Among the speakers at Mr. Certaine’s August 31 memorial service were Mayor Jim Kenney, U.S. Rep. Dwight Evans, and City Councilmember Cindy Bass, each of whom spoke glowingly about Mr. Certaine’s political acumen and his ability to improve how city services were delivered. In a statement read at the service, David L. Cohen—Mr. Rendell’s former chief of staff and the current U.S. ambassador to Canada—referred to Mr. Certaine as “the heart of the city.”
Student Minister Rodney Muhammad of Mosque No. 12, attended the memorial service. “I think if Joe were here to say some of his work that he’s most proud of I’m sure on that list is the work that he did to bring Philadelphia front and center for the unprecedented historic Million Man March,” Student Min. Muhammad told The Final Call.
“No question about it and I keep thinking of the many warriors that Joe brought on board that are no longer with us like State Representative David P. Richardson; local NAACP president and publisher of the Sunday Sun, Jerry Mondesire; political consultant and founder of North Philadelphia’s largest basketball league, Omjasissi Kentu; Secretary of the Democratic City Committee and Chair of the Alliance of Black Ward Leaders, Carol Cambell; former football defensive back for the Baltimore Colts and Pittsburgh Steelers, Johnny Sample and business women and local political power broker, Lana Felton Ghee.”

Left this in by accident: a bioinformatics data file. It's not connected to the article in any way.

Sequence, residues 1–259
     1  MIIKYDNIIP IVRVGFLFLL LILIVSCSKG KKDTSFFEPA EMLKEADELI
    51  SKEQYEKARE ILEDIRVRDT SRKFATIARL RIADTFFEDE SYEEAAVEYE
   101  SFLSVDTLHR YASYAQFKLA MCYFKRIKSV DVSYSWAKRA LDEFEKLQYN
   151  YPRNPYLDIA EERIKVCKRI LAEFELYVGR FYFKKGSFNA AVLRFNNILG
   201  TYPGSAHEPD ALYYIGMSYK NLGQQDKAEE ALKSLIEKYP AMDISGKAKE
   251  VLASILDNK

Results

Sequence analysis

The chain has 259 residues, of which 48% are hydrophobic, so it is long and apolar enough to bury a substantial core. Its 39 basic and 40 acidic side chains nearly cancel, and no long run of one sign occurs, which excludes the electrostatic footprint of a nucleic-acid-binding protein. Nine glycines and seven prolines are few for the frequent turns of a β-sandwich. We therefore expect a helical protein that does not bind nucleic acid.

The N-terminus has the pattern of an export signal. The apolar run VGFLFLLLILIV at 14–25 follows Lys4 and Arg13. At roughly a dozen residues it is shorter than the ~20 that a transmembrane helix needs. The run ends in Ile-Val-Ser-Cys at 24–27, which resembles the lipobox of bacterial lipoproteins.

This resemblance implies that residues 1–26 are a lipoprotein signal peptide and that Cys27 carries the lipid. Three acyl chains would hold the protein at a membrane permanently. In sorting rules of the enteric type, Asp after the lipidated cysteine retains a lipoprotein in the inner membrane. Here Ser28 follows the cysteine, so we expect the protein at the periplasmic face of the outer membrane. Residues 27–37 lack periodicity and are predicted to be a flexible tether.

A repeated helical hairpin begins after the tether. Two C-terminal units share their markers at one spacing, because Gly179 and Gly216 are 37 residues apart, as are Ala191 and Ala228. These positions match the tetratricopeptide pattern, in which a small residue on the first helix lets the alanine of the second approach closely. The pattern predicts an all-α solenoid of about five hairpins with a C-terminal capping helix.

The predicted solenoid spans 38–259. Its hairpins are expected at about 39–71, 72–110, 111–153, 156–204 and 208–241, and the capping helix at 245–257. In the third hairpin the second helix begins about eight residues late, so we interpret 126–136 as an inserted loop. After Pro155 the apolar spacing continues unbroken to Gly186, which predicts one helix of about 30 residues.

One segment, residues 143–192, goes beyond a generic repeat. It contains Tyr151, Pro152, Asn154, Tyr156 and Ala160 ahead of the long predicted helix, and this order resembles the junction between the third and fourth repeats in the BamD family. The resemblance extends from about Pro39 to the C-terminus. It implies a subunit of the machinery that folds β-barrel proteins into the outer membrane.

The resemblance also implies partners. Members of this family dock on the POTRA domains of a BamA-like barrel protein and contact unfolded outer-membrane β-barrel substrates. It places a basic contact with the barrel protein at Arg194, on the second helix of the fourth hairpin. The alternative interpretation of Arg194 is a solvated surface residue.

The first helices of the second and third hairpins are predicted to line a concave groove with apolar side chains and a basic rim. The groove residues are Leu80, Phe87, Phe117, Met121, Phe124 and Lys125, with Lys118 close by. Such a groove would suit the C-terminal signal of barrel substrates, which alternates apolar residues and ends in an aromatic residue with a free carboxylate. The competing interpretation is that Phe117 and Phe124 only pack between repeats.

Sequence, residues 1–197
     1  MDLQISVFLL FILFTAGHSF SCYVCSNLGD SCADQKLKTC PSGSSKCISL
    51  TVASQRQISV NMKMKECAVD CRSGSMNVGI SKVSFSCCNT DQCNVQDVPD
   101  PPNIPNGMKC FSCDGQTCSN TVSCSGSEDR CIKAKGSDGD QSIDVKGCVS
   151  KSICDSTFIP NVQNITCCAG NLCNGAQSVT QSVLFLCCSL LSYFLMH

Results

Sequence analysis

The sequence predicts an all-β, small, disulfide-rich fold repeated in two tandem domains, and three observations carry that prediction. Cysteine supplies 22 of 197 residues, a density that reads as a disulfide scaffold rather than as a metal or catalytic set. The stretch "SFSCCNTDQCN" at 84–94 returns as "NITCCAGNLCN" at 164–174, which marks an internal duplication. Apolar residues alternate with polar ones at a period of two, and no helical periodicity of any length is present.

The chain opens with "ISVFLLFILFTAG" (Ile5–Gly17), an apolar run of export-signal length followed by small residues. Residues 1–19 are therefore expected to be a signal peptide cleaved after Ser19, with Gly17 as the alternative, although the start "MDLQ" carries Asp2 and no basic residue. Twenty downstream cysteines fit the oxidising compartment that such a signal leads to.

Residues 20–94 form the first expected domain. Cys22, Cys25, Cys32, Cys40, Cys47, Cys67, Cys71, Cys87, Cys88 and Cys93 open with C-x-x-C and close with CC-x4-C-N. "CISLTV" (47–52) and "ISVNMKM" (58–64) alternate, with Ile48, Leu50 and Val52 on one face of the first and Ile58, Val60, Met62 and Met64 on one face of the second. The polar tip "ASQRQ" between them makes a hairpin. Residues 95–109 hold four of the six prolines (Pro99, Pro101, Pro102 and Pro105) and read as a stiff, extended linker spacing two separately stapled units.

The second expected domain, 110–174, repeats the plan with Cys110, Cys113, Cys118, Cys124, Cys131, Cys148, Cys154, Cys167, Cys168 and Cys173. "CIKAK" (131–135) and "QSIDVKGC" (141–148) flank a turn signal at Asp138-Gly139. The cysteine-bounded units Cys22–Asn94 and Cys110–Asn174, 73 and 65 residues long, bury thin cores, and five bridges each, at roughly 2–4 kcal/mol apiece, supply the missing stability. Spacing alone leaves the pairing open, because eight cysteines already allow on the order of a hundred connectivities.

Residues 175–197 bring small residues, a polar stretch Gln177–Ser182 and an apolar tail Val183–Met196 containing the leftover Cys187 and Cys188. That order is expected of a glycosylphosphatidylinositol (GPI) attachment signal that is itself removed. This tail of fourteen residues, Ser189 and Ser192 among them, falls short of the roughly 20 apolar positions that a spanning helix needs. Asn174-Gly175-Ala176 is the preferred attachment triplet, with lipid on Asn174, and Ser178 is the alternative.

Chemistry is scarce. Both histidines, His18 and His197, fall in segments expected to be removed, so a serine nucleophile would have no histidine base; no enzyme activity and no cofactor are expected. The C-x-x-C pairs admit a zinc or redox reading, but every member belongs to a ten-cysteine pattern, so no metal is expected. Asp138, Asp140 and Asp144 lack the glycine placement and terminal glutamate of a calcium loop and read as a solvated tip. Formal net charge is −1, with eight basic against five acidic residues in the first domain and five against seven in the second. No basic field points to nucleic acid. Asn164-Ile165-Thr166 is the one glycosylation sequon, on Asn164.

According to Student Min. Muhammad, Mr. Certaine was not only able to bring together participants for the 1995 Million Man March, but he also repeated that undying commitment during subsequent marches and anniversaries known as the Holy Day of Atonement. This included the 2011 anniversary held in Philadelphia and the 20th Anniversary of the March held in Washington, D.C. in 2015 themed, “Justice or Else.”
“Not many realize the significant role that Joe Certaine played. I think it was the spirit of God first above all that made the Million Man March a success. But second to that I would have to say that the commanding (organizational) skills of Joe Certaine (who acted as a consultant to the executive director of the March, Dr. Benjamin Chavis) helped make that March a success,” said Student Min. Muhammad.